The Hawaii Diet includes the Shintani Mass Index of Food (SMI), a system developed exclusively for the program that is similar to the glycemic index. The SMI examines the amount of weight of food per calorie, and in effect calculates the mass-to-energy ratio of various foods. The theory behind the SMI is that foods with a higher number – meaning, the greater the mass per calorie provided – can help with weight loss through increased fiber and bulk, and therefore increased satiety, with low caloric cost.
The Hawaii Diet is based upon a foundation of whole, unrefined, complex carbohydrates derived from whole grains and starchy tubers like sweet potato, or the traditional Hawaiian breadfruit or taro root. Fruits and vegetables receive liberal praise, but sources of complete protein are not emphasized; instead, Shintani writes that humans “don’t need a lot of protein to thrive” and that most Americans in fact consume too much.
In his discussion of protein, Shintani also touches on the ketogenic diet as one of the many popular diet trends that should be removed from its lofty pedestal. He writes: “On a ketogenic diet, however, the dieter is encouraged to eat ‘rich’ foods, such as meats, cheese, and sauces, along with some greens. This is one of the selling points of this diet. It is very inviting to people who are dying to find a diet that allows them to eat their favorite rich foods.”
Shintani himself practices a mostly vegan diet, and encouraged most of his high-risk patients in the Waianae Coast Comprehensive Health Center to begin their wellness journey in such a way.
In The Hawaii Diet, Shintani recommends moderate exercise, and emphasizes play as an important aspect of physical activity. He does not recommend vitamin or mineral supplements, but instead highlights the importance of whole-food nutrition. Shintani writes that “wholeness is the key to good health,” and this theme has as much to do with whole-person theories of wellness as it does supplements.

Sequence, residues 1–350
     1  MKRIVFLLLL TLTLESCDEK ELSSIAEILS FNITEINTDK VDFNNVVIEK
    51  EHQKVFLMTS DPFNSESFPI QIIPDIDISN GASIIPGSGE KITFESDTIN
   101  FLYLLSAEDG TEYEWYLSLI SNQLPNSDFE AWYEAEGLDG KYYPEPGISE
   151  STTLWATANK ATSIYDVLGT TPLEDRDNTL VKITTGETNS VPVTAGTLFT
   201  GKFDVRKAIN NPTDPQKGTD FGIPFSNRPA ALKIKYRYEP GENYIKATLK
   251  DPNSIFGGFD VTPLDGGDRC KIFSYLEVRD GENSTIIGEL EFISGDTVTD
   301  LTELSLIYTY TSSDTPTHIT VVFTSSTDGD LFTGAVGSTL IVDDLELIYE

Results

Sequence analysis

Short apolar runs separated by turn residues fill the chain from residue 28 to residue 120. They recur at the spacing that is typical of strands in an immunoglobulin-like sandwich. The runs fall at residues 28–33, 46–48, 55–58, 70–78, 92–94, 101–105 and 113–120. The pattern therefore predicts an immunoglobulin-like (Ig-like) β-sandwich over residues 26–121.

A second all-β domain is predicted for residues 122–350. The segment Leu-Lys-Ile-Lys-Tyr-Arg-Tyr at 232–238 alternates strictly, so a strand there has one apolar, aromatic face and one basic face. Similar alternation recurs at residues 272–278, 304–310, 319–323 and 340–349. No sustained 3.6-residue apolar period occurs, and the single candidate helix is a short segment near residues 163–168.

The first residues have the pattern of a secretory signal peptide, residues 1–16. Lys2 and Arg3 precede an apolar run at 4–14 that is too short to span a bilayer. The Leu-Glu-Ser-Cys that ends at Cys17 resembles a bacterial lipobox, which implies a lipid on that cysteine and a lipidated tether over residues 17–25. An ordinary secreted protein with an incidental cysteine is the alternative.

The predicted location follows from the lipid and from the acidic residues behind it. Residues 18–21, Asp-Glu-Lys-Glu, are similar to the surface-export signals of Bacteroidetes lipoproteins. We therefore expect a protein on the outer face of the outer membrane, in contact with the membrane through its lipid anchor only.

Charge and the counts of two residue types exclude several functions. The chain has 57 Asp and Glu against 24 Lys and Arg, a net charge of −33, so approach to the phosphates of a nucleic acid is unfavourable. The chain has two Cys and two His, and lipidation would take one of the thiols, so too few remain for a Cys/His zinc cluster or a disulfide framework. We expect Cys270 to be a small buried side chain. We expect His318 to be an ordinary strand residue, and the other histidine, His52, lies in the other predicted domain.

In fact, some of the most important takeaways from The Hawaii Diet have nothing to do with food, but instead concern the “subtle intangibles that surrounded the act of eating in ancient Hawaii,” according to Shintani. These include:
Eating together (aloha).
Eating in peace (mana).
Offering prayers of gratitude before eating (pono).
Eating local foods in season (lokahi).
Preparing food with love (aloha).
Eating with great appreciation of its source (kumu).
In these ways, the Hawaii Diet is most similar to Paleo – those practicing an ancestral pattern of eating understand that the food is only a small part of the equation, and that for real healing to occur there must be widespread change across an entire lifestyle. This means getting better sleep, managing stress, playing, being in community, engaging in smart exercise, connecting with the earth and expressing gratitude for our food’s miraculous origins.
These intangibles fuse together the spiritual and mental with the physical, and this is an important if underutilized aspect of any successful program: it’s not just about what you eat, but how you eat it and why.
Shintani, Terry. The Hawaii Diet. Pocket Books, New York, NY. 1999. Print.